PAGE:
Democracy can lose its soul when it “exaggerates” its principles, when it forgets the legitimate place of hierarchy, authority, and truth within their own spheres. As Dominique Schnapper argues in a brilliant new study inspired by Montesquieu’s insight (The Democratic Spirit of Law), in an “extreme democracy” equality risks becoming indiscriminate egalitarianism, the defense of novelty risks giving rise to the “temptation of the unlimited,” and healthy skepticism risks decaying into “absolute relativism.” As another contemporary French thinker, Pierre Manent, has put it, “To love democracy well it is necessary to love it moderately.”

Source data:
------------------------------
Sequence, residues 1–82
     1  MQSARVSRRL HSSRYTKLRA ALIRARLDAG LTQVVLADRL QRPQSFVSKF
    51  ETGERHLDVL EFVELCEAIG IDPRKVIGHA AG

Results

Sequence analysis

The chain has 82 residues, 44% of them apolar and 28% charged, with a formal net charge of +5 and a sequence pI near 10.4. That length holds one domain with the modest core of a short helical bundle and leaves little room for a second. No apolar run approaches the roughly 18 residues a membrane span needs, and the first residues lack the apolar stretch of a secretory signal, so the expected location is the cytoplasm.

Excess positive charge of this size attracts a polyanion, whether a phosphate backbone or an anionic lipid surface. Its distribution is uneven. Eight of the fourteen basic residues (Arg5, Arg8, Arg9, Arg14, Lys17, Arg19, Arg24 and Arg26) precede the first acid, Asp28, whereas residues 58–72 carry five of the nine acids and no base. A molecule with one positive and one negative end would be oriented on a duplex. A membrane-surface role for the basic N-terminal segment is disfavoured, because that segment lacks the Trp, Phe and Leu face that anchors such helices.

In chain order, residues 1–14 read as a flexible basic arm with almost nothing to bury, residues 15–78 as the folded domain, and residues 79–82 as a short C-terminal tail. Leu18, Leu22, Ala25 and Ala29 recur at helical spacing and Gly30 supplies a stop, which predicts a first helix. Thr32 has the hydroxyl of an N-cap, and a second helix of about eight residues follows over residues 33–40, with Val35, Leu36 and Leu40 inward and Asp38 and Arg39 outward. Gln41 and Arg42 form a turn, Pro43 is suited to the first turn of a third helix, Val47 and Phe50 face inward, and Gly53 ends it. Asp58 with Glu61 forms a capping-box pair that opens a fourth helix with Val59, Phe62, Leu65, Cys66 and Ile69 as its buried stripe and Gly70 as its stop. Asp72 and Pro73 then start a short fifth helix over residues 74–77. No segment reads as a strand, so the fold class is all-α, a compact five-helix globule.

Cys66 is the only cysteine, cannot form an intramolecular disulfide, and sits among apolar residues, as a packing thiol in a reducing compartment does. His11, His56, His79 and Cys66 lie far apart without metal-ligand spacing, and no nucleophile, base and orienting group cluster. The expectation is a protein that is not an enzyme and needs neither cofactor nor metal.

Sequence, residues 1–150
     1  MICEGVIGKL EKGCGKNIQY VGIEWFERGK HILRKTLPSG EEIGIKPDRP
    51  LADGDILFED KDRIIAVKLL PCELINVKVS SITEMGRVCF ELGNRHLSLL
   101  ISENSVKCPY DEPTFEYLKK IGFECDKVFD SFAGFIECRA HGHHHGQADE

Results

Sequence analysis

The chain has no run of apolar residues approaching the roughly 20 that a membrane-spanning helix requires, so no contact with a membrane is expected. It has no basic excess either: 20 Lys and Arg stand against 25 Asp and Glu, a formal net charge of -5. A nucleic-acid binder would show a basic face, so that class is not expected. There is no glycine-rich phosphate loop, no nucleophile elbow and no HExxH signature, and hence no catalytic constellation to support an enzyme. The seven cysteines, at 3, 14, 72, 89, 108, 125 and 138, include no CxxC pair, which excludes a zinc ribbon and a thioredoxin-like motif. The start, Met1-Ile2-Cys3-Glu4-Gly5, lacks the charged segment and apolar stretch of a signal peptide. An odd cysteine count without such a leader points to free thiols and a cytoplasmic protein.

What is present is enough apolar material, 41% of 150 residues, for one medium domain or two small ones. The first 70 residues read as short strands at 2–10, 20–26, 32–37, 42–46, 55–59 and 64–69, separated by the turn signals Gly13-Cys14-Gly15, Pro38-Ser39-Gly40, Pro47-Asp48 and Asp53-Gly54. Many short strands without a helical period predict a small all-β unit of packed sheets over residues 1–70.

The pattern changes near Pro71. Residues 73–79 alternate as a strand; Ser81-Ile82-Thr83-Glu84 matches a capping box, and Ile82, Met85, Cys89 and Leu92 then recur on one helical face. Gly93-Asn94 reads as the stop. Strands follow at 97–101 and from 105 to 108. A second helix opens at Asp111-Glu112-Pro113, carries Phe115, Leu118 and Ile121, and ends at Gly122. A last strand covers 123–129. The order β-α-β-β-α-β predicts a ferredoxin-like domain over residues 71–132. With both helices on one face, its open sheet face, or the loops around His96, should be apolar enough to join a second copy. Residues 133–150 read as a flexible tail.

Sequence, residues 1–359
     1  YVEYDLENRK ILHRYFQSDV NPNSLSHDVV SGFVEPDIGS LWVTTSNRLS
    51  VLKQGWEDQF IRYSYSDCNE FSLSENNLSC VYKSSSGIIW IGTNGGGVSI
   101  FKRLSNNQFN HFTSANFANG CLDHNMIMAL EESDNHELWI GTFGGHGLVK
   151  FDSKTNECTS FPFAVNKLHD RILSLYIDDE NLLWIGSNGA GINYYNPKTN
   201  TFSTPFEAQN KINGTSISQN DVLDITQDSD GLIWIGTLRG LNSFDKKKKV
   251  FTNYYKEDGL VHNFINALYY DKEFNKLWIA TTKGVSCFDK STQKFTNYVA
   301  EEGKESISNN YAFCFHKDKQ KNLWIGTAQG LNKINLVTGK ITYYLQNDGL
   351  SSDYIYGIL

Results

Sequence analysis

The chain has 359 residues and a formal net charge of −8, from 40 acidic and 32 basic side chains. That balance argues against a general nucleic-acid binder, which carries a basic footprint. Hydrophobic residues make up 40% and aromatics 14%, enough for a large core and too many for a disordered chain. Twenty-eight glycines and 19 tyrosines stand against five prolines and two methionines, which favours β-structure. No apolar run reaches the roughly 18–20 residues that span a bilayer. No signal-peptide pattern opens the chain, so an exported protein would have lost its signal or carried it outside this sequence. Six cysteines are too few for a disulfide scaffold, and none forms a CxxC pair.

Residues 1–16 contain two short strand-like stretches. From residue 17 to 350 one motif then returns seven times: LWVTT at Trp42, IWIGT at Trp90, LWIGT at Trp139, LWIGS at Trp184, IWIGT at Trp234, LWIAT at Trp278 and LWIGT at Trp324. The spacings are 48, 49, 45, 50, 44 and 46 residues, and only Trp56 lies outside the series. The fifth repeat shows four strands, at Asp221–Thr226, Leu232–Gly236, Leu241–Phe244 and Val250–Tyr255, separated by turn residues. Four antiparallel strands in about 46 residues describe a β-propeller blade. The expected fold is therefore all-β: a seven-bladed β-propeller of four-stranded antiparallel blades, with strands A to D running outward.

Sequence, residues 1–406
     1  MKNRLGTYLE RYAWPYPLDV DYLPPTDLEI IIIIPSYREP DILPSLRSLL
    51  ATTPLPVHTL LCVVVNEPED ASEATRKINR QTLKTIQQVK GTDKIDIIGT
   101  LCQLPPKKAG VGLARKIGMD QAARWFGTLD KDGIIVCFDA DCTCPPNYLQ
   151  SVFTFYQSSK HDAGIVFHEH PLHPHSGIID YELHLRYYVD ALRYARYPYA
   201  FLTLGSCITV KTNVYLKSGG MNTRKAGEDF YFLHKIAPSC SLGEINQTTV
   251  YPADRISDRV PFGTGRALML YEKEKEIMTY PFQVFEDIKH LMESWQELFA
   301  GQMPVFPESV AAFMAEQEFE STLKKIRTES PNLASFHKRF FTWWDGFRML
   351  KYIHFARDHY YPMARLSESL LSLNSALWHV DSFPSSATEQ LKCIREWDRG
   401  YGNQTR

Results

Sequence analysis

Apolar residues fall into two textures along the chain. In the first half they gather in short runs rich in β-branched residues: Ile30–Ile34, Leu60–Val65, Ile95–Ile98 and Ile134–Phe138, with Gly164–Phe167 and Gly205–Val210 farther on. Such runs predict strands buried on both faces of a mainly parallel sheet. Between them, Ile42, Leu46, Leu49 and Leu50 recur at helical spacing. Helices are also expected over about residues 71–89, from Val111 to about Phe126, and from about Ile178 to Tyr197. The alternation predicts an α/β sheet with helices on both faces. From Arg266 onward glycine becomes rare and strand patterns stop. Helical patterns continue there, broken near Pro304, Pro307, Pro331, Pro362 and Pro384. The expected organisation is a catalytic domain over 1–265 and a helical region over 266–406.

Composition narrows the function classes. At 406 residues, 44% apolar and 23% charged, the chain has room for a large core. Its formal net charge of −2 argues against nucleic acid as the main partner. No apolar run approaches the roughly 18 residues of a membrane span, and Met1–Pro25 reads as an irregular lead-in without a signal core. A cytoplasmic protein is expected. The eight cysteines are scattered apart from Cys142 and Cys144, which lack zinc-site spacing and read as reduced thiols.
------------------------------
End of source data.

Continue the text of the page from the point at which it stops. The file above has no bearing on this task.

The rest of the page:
This is what we should mean if we say we want to get back to a better America, rejecting hubris and restoring healthy boundaries in our civilization. People in the old days were not sinless, but they did understand the morality that builds and maintains a nation a little better than perhaps we do today. How do we get back there? It is partly by politics, but politics only as an outgrowth of godly community, by healthy church life, and by following the Good Shepherd wherever he goes.